Now, it can certainly be argued that Dan Anderson has done that work with the stuff he has put together in his second and third acts. But that’s the lesson-specific work I’m talking about. That’s not just the framework (a general tool for describing the flow of a certain class of lessons). That’s a lesson plan (a specialized tool with details pertaining only to a specific lesson).

    But if Dan is my methods student, or if he’s a new teacher and I’m his mentor, or if he’s a colleague trying this framework out for the first time, I’m going to want to know more. I’m going to want to know how he expects students to generate the linear regression; I’m going to want to know what he’s going to do with the student who just can’t get past the different colors/shapes/fragrances, etc. I’m going to want to know how he’s going to get students to learn from their process; how he’s going to help them generalize these ideas to other situations.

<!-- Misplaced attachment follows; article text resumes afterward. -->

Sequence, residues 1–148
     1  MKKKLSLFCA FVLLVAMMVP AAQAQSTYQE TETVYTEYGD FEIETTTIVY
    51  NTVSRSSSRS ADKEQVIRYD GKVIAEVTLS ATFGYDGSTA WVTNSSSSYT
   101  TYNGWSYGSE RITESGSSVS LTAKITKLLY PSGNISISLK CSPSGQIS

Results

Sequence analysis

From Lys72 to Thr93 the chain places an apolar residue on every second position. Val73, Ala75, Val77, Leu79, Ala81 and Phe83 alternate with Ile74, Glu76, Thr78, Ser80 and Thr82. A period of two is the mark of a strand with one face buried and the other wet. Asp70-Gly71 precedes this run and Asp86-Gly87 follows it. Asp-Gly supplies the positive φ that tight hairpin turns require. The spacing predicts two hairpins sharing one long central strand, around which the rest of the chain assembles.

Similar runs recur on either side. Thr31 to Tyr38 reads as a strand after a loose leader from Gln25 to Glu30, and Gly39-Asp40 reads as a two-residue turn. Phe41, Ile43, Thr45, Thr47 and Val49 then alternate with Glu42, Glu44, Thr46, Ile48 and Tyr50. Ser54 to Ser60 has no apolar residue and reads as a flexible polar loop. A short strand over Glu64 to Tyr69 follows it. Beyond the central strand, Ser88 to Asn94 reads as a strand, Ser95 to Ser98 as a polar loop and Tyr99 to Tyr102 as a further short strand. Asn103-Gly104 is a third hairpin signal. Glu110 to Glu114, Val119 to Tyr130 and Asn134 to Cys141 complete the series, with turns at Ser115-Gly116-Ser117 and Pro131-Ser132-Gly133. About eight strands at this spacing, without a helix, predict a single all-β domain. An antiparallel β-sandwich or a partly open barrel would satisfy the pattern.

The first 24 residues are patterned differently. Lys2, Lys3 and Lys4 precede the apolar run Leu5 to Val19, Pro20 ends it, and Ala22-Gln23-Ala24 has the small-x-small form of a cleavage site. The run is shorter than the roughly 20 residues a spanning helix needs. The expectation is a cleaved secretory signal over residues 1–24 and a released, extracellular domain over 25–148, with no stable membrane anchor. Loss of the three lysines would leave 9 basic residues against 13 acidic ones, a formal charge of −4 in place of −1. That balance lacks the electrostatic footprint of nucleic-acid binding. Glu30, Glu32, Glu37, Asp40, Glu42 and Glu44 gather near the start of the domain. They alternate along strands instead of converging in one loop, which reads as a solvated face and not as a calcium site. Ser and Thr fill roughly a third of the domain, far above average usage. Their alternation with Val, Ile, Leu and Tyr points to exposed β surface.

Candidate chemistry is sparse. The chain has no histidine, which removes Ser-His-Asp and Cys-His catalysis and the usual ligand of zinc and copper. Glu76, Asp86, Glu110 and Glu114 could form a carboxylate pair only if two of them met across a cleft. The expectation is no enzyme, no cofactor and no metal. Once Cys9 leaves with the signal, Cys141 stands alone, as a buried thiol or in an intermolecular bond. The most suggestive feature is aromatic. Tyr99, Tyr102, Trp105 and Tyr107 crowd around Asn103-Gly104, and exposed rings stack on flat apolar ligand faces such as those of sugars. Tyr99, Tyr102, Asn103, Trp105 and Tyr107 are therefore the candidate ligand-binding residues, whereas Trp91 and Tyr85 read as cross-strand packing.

In short, unless Dan is experienced at this sort of teaching, he’s got some more planning to do. And if he is experienced at this sort of teaching, I bet he’s done that planning-whether on paper or in his head.

  2. As a still-newish teacher who has more ideas and theory crammed into his head than he has practical classroom planning experience, I think I’d agree with Christopher.

    The three-act framework, SBG, and my own pet theory of porting game design principles to teaching, are fantastic tools to guide my work. But until I actually *do* them, I don’t achieve mastery.

    Wait, that’s just like learning math.

    Theory -> understanding
    Practice -> mastery of skills

    Metacognition, oh snap!

  3. ps. But that doesn’t change that this is an awesome video.